Appearance Of Krt14 Expression After Ptx

To obtain a further insight into the possible altered condition of cells other than epithelial cells of microfollicles and/or follicles after PTx, genes whose expression is not restricted to thyroid follicular cells, such as cytokeratins, were examined. Several cytokeratins are expressed in the thyroid gland . Among them, Krt19 is known to be highly expressed in human papillary thyroid carcinomas . In our immunohistochemical study, Krt19 expression did not differ between intact thyroid glands and those after PTx, although the expression pattern after PTx appeared slightly diffused . Krt14 is known as a liver progenitor marker and is expressed in immature and/or stem/progenitor cells, such as taste buds and prostate . Immunohistochemistry demonstrated that Krt14 expression was barely detected in normal thyroid tissue , whereas after PTx, intense staining for Krt14 was identified in a restricted area within the proliferative area of the thyroid lobe . Krt14-positive cells presented both mesenchymal and epithelial cell features some had trabecular and/or nested patterns, whereas others showed a basal cell pattern with spindle shapes . In addition, they had narrow cytoplasm and a high N/C ratio, features distinct from those of thyroid follicular and/or clear cells.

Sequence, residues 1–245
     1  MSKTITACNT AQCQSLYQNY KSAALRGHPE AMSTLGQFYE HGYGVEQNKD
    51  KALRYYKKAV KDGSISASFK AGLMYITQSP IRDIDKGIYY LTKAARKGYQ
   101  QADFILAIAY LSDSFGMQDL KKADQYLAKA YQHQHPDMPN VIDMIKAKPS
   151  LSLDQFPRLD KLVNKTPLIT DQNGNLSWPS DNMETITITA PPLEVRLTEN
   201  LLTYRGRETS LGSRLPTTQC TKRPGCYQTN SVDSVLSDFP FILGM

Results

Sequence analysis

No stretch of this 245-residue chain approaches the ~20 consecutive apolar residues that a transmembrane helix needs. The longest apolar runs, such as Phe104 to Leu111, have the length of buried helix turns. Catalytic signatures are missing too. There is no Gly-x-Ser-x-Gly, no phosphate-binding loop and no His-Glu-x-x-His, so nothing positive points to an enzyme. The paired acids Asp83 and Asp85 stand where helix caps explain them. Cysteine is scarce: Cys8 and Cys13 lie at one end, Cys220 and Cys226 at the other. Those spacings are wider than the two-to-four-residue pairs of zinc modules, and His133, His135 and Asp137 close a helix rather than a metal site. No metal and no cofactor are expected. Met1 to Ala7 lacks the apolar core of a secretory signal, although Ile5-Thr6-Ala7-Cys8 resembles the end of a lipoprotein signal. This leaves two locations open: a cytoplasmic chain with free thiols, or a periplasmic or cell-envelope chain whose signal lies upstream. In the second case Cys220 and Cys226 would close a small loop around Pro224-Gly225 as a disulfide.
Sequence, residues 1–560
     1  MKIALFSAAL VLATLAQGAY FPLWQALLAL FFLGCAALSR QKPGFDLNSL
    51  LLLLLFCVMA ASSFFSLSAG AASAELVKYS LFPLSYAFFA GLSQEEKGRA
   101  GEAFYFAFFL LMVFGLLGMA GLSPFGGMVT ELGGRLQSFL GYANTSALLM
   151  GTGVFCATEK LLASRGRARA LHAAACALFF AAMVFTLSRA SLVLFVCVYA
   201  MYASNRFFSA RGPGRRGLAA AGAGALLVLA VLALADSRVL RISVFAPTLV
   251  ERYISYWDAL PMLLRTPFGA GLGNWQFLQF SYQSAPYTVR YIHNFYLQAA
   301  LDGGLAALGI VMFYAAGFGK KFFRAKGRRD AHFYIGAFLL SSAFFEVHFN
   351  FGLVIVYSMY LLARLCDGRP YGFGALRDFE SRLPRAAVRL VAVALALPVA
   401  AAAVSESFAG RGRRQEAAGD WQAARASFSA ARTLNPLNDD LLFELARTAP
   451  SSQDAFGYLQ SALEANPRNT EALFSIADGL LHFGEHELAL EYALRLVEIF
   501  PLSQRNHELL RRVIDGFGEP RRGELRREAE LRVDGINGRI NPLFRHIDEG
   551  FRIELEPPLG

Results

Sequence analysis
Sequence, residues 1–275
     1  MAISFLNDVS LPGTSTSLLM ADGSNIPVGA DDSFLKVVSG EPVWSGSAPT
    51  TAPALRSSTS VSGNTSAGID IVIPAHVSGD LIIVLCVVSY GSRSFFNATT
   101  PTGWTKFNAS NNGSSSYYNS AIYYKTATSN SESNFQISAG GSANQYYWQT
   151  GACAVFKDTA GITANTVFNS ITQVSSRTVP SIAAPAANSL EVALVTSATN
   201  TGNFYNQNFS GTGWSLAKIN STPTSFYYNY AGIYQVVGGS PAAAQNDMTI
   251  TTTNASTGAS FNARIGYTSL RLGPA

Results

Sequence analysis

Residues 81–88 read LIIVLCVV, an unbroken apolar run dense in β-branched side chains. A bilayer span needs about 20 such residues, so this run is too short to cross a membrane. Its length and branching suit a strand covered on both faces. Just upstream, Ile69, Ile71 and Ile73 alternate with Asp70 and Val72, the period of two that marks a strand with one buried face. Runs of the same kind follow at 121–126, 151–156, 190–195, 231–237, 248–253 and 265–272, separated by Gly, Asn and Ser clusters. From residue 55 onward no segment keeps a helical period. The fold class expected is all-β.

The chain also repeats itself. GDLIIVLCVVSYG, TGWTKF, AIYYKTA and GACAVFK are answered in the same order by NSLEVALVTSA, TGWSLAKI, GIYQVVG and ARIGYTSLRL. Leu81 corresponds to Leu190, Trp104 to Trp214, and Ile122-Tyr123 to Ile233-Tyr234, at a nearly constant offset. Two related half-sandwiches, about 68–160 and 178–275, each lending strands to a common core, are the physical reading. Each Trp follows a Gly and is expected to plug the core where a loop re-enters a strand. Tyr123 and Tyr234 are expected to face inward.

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Alteration Of T4 And Tsh Levels After Ptx

It is well known that hypothyroidism after thyroidectomy is due to the sudden loss of thyroid tissue. Accordingly, T4 and TSH levels were determined in mice at various time points after PTx . T4 levels were markedly reduced 2 d after PTx but returned to baseline levels after 7 d . In contrast, serum TSH levels tended to increase at 2 d and were clearly high at 7 d after PTx . At 2 wk after PTx, TSH levels declined but did not reach baseline levels, whereas T4 levels were slightly, but not significantly, lower.